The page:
So the Belfast Telegraph is running their second annual One Summer's Day photography competition. The premise is to enter a photograph you took in Northern Ireland on Saturday 18 June 2011 (last weekend) and say why means something special to you.
Those of you who read my hubby's blog will know that he is a keen photographer. He's also rather good at it and repeatedly puts me to shame as he fiddles with ISO and exposure settings (I still am not clear on what these are despite repeated explanations) to capture the moment perfectly, with soft and sharp focus and bright and dark colours all in the right places and amounts. I, on the other hand, immediately turn the camera to the auto (i.e. idiots) setting when it's my turn to take a photo because otherwise it ends up a big blurry mess. My hands just are not steady enough. However I am not fond of the idiots setting on the Yorkshireman's new camera because everything ends up harshly bright. I'm probably not using it right, even on the idiots setting.
However I am always willing to give things a go even when I suck at them (see my recent adventures in ice-skating for example), and so last Saturday afternoon we set off into Belfast city centre, the Yorkshireman with his trusty digital camera and me with, well, my mobile phone. We couldn't find spare batteries for the Yorkshireman's old camera (which I loved - its idiots setting was very good!) and I refused to pay actual money for new ones so that I could take photos for a competition that I would definitely not win anyway. Hence: lower resolution phone camera to the ready!
Last Saturday was actually the day of the Lord Mayor's Parade, which is always pretty good fun, with a sort of carnival atmosphere taking over the city centre for an hour or two. The perfect opportunity for some community-themed photography! Unfortunately we slept in a bit late and completely missed it. Oops. Never mind, eh? Instead we headed up towards the City Hall where there seemed to be some kind of residual festivities still ongoing. We snapped a few photos, I tried to avoid the men on stilts (creepy and wrong, just like clowns and mimes) and resisted the urge to enjoy an Irish stew-filled bread bowl from one of the food vans (which seems pretty much like the ultimate in comfort food).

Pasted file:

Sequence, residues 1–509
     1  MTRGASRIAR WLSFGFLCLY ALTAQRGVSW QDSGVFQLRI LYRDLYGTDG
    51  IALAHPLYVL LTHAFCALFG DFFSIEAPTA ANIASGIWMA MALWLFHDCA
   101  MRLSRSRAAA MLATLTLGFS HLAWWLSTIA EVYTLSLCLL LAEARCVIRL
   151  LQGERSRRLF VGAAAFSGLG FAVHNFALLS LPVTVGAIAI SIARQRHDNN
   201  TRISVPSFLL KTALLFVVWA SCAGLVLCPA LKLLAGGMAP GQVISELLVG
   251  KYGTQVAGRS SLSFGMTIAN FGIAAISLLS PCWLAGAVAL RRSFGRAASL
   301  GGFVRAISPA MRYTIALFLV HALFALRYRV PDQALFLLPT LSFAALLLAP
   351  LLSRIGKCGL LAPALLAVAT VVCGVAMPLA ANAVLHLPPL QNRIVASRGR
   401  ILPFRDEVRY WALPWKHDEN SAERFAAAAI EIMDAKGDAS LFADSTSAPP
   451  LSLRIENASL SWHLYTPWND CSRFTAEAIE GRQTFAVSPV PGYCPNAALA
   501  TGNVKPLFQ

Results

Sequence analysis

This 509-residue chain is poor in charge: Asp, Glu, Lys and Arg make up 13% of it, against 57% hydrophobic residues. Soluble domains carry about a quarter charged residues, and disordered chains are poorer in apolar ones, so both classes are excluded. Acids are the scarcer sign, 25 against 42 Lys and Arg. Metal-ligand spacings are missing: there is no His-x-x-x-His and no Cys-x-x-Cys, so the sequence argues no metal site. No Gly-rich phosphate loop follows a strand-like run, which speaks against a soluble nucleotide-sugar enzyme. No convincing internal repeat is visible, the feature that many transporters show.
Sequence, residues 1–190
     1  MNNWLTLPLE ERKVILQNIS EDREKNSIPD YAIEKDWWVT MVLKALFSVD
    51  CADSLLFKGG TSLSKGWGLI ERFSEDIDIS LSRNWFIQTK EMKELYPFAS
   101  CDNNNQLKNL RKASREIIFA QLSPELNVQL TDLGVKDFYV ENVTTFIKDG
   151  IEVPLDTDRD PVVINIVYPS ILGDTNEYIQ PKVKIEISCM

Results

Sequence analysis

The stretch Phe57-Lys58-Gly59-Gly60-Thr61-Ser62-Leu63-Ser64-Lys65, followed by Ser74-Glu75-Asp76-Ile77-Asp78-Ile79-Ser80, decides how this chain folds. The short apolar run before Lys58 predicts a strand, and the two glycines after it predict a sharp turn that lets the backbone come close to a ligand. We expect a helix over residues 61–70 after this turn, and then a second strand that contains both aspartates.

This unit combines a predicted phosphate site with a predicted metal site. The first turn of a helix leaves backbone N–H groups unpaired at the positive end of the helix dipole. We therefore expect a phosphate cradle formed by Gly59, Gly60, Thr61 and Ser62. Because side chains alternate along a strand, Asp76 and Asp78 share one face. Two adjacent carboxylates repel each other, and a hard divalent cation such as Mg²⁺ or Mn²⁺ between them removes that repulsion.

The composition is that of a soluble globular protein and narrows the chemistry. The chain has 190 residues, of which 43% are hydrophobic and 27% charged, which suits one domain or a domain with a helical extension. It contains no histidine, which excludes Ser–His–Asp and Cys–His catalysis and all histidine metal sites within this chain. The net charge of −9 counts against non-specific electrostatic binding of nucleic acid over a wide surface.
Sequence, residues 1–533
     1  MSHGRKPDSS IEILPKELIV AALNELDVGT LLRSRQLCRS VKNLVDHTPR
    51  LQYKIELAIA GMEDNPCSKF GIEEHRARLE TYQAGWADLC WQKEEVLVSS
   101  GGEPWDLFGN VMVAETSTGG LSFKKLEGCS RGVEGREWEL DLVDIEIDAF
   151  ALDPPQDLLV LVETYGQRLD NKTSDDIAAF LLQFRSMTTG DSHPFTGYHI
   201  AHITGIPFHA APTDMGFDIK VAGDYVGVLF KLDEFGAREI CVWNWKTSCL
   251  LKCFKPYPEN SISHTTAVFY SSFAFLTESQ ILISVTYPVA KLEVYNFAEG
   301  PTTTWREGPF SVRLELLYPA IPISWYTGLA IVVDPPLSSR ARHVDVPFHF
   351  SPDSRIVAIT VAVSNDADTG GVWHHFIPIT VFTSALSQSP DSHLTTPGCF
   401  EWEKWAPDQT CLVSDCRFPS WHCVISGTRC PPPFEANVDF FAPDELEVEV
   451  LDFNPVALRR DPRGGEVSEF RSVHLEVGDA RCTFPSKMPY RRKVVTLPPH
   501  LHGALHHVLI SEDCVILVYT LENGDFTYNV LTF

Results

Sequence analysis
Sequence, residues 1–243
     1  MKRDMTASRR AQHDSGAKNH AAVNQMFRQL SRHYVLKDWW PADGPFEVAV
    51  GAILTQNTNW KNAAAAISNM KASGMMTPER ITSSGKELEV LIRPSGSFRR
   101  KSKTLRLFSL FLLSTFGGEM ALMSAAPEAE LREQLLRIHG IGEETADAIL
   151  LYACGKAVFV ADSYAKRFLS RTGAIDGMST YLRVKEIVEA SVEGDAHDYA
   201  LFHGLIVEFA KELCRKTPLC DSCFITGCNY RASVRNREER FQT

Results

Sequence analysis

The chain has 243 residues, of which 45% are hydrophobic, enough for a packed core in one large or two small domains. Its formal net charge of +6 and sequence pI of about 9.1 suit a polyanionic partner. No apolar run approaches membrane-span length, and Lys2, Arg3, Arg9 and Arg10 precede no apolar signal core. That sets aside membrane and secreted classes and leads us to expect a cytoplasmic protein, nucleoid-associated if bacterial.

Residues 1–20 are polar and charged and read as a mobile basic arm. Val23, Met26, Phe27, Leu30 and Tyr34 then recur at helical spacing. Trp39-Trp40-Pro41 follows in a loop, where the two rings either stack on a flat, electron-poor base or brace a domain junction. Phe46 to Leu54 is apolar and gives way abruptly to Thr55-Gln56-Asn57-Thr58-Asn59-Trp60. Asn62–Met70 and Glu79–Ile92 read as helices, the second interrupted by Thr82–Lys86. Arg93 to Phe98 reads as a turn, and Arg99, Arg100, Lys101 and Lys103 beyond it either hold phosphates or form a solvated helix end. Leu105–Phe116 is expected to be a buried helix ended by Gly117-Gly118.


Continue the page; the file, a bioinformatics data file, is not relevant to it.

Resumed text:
Next we walked down towards Corn Market. As usual the area was teeming with shoppers and tourists.
I snapped a few photos of some kids "breakdancing" on the Spirit of Belfast, wishing I were as cool as them… *sigh*
Actually though it depresses me somewhat that these children are indeed the future of Belfast but, as I am often forced to remind myself when confronted with my own dear baby brother, teenagers' brains are actually chemically different than adults', so they'll grow out of it eventually… right..?
Whilst in the Corn Market vicinity I was tempted to take a photograph of Starbucks, being that it is of fundamental importance in my life and, indeed, very special to me. However the Yorkshireman wasn't convinced the Belfast Tele' would really go for that explanation, so I gave it a miss. Shame.
Then it was on to the gym, which is indeed another place that means something to me - namely pain. However I didn't think that photographs of sweaty, grunting people would be greatly appreciated by the competition judges (or indeed the sweaty, grunting people themselves) so I left my mobile in my locker and ran the afternoon away on the treadmill, shamelessly eyeballing some young student-types who were filming a scene for something in the courtyard of St Anne's Square.
So all-in-all it was a pretty typical Saturday in Belfast, right down to the grey skies and drizzle. In fact the photo I took that was probably most appropriate to the competition title of "One Summer's Day" is this blurry little snap of a poor, sad umbrella, abandonned on the bus.
I'm keeping my competition entry under wraps for now but the Yorkshireman and I are both entering and will eagerly await the results, which will apparently be announced in September. I don't think I'll exactly be holding my breath, but it will be interesting to see what everyone else in Northern Ireland happened to be up to on that rainy Saturday in Northern Ireland.
For those who wish to compete against us, the deadline is 30th June, but do bear in mind that your photo had to be taken on 18th June. Bon chance!